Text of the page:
Watch the reality through the eyes of the children. The coach must endeavour to create the best environment for the children to learn and become better as an individual player.

Young players are not mini-adults. The aim should be to eliminate pressure in the early age groups. Let them play freely and have fun.

■ Development over winning – Stop focusing on winning at the expense of development.

This approach creates a lack of balance and leads to high workload and high pressure for young players too soon. Consider a change in match format up to U-13 level.

Coaches and parents should not be concerned about results, tables and trophies. Children compete but adults compare.

Coaches and administrators must change their mind-set. Forget about ‘their team’ and the results and start thinking about the growth of the individual player.

■ Fundamentals of Movement – The need at an early age to focus on the introduction and development of the ABCs of fundamental movement and subsequently the fundamental movement skills for players aged between 6 and 9.

Learning the game step by step starting from the exploration phase up to the developmental phase.

■ Resisting early specialisation – Young players should be encouraged to also sample multiple sports until at least the age of 11. Early specialisation is taking its toll on young players.

In truth, burnout, overuse injuries and declining motivation are more likely to be the outcomes of early specialisation.

Proactively manage young players at risk of over-training and overloading and find ways to keep them in competitive football longer.

■ Game-based training – Coaches should simulate the game in training, creating an environment where players are given the opportunity to learn.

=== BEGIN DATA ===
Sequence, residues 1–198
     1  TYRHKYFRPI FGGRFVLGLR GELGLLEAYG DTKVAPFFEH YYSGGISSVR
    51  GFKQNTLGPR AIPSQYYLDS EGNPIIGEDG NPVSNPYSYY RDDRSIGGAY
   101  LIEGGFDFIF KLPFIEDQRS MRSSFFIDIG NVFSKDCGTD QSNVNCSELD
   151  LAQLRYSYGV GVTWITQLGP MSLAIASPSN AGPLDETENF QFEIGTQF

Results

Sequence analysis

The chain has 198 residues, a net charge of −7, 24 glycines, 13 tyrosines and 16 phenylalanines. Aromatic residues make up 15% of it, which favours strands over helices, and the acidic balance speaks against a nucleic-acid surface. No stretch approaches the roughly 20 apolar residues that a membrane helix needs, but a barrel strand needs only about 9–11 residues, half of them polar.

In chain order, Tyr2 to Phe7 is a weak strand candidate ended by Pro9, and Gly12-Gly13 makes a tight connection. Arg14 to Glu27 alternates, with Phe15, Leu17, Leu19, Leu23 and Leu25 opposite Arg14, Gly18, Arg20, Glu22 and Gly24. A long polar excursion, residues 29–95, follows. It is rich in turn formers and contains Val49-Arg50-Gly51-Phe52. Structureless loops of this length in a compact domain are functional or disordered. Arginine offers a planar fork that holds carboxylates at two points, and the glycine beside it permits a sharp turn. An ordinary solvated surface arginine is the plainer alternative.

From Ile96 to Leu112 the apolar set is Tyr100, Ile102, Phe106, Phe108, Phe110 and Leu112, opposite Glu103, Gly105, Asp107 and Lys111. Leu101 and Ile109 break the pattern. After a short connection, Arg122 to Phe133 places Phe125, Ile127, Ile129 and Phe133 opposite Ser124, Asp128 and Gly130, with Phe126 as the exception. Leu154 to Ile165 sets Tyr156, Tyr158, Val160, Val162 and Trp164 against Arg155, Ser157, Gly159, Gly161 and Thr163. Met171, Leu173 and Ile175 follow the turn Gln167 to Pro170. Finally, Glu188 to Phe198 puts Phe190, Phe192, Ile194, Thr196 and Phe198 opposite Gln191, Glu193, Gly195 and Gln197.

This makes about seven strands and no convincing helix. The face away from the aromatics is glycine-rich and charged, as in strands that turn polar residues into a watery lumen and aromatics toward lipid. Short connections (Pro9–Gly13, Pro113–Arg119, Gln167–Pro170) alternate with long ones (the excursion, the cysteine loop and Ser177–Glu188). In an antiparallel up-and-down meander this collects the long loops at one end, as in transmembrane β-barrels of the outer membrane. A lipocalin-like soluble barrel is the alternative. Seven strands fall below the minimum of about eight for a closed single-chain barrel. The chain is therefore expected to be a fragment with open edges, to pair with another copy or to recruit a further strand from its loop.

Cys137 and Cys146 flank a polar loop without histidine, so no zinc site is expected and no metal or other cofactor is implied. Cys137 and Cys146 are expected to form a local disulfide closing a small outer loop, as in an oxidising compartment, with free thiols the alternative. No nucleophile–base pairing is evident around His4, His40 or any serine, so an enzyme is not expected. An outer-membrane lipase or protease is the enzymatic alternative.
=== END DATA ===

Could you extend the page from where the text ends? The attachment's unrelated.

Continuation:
Encourage a guided-discovery, cognitive development by stimulating creativity, decision-making and problem-solving over simply barking instructions. Coaches should observe more and talk less. They should intervene only when there is a learning reason to do so.

■ Talent Identity and Development System – The assumption that early performance is an indicator of late performance needs to be challenged. We need to provide equal opportunities to as many, for as long and as best as possible.

It is crucial to assess potential and not be deceived by current performance. Delay selection for as long as possible. Young players are all different and development is non-linear.

We need to develop more coaches who believe in the concept of learning in development. Competitive opportunities need to reflect this, rather than over-investing in just those players who show early promise.

■ Tackling Relative Age Effect – Implementing an intervention programme using bio-banding by maturity rather than age.

Extend development opportunities and look after the late developers by giving them time to grow physically and fulfil their potential.

Malta has a relatively small player pool. Focusing on winning during the early stages of development just encourages the Relative Age Effect, in turn making the player pool even smaller. It becomes more about the survival of the fittest as opposed to survival of talent.

■ Integrating technology and sports science into youth football development – Bold efforts should be made to explore untapped potential in merging technology and sports science with youth football development practice.

The digital transformation enables coaches to develop individual development plans and connect better with young people as digital self-measurement and data-driven analytics become an integral part of their life.

Athletic player profiling, data analysis, filming training sessions and matches to provide individual feedback has become so much easier through phone apps and other software.

It’s high time to diagnose and cure our fragmentation syndrome.

Let’s bring the best minds, the best practitioners and the key stakeholders together, harness the egos of our football dinosaurs, stop working in silos and adopt an inter-collaborative approach to design a master plan that works effectively in the best interests of our young players.

Only then we can perform better.